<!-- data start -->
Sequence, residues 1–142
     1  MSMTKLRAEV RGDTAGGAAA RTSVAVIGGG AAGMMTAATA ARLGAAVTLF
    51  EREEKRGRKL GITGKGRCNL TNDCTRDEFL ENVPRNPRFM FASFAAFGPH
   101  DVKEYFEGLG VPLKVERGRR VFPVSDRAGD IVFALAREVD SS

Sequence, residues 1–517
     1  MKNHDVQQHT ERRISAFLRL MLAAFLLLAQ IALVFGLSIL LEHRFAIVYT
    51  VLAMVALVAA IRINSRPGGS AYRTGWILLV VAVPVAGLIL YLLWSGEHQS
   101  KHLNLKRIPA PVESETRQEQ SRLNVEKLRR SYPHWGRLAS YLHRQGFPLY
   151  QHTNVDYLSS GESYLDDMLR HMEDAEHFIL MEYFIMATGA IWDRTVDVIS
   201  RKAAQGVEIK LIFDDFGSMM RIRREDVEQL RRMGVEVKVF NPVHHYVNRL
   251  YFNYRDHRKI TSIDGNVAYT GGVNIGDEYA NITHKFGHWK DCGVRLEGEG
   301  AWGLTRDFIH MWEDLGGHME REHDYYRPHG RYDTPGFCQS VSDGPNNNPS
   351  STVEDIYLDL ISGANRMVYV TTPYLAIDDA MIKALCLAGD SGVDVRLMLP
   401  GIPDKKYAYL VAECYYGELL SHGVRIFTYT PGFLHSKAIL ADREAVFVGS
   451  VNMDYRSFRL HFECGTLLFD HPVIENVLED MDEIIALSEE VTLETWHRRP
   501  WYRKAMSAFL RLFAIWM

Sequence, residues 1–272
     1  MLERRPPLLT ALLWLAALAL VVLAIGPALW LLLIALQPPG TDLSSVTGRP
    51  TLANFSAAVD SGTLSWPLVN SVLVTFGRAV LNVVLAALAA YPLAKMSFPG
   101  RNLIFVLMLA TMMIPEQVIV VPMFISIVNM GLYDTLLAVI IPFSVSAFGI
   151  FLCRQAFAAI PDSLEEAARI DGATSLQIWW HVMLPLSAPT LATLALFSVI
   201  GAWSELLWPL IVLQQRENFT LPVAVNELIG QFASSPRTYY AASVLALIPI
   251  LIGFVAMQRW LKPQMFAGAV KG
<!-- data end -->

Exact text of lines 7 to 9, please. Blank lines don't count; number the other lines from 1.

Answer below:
    51  VLAMVALVAA IRINSRPGGS AYRTGWILLV VAVPVAGLIL YLLWSGEHQS
   101  KHLNLKRIPA PVESETRQEQ SRLNVEKLRR SYPHWGRLAS YLHRQGFPLY
   151  QHTNVDYLSS GESYLDDMLR HMEDAEHFIL MEYFIMATGA IWDRTVDVIS